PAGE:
Immigration officials failed to properly consider the gang vendetta against the family of Guatemalan asylum seeker Felix Flores-Rios and must take a second look at the case, a federal appeals court held Tuesday.
Flores-Rios sought asylum in the U.S. based on persecution based on his evangelical Christian faith and because of a gang vendetta targeting his family.
The Board of Immigration Appeals considered only his Christian faith as a particular social group and denied his claim.
The 9th U.S. Circuit Court of Appeals overturned the decision holding that his family is also a cognizable social group that faces potential persecution by a gang.
Flores-Rios’ father was murdered by a gang outside his evangelical church in Guatemala in 2009. Flores-Rios’s cousin witnessed the murder and agreed to testify but was also killed a day before the hearing.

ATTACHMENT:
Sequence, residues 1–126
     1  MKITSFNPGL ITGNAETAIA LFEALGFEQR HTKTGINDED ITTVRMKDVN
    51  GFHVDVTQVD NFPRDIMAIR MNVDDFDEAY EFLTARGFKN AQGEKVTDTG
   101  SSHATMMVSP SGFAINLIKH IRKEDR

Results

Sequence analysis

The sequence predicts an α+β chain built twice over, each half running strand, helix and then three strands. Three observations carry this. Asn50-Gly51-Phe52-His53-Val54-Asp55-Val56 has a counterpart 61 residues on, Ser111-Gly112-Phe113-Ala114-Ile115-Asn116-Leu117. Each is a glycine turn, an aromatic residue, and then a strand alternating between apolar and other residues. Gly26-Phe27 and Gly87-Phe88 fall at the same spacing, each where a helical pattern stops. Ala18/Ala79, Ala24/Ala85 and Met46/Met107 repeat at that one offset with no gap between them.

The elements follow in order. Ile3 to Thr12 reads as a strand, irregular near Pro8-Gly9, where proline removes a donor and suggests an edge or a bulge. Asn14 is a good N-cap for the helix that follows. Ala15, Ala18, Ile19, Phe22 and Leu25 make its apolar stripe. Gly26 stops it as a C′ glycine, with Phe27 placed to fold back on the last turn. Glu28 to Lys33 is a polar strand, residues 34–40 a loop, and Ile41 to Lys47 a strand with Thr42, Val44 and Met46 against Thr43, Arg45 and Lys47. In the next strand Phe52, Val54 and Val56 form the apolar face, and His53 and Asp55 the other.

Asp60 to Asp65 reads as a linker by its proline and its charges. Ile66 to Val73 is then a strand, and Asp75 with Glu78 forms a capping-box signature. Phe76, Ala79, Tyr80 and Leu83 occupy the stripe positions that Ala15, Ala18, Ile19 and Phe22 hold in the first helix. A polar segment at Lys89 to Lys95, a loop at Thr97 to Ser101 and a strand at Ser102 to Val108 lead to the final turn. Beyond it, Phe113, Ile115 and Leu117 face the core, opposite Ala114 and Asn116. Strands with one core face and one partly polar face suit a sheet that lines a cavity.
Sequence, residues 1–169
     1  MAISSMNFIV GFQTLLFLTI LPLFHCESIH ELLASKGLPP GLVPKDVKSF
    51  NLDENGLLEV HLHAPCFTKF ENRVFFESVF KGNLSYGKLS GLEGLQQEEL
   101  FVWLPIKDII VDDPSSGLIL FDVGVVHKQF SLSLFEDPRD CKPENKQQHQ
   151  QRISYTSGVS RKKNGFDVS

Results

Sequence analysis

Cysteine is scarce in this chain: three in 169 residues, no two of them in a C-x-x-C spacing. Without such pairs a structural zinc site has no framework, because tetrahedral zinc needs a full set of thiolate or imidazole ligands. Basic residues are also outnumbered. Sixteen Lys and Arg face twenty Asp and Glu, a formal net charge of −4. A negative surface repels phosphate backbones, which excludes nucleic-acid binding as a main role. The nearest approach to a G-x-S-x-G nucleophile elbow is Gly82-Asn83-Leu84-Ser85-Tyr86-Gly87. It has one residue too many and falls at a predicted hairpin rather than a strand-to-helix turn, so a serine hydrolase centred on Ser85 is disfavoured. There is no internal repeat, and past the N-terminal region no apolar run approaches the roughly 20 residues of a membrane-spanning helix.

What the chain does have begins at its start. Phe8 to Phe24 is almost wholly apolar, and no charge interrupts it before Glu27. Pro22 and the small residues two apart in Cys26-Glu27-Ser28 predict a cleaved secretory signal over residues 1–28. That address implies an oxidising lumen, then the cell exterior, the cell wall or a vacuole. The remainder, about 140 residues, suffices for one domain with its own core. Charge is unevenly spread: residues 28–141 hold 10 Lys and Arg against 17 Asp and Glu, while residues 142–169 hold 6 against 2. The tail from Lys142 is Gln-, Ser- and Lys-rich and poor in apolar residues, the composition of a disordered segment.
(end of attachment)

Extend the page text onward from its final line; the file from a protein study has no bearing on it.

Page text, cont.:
His sister also began receiving death threats even though she had not seen her father’s murder. She fled to the U.S.
Flores-Rios, who came to the U.S. without papers in 2007, argued gang witness intimidation and his family’s opposition to the Guatemalan gang that killed his relatives was the basis of his asylum claim.
But the immigration judge refused saying that because Flores-Rios did not witness the murders of his father and cousin he could not claim persecution.
The 9th Circuit disagreed and sent the case back to reconsider the alleged intimidation of his family as potential persecution that may make him eligible for asylum protection.
The “BIA erred in not addressing the family aspect of Flores-Rios’s social group claim,” said Judge Margaret McKeown. Judges Sidney Thomas and Michael Daly Hawkins joined the opinion.
Flores-Rios v. Lynch, No. 12-72551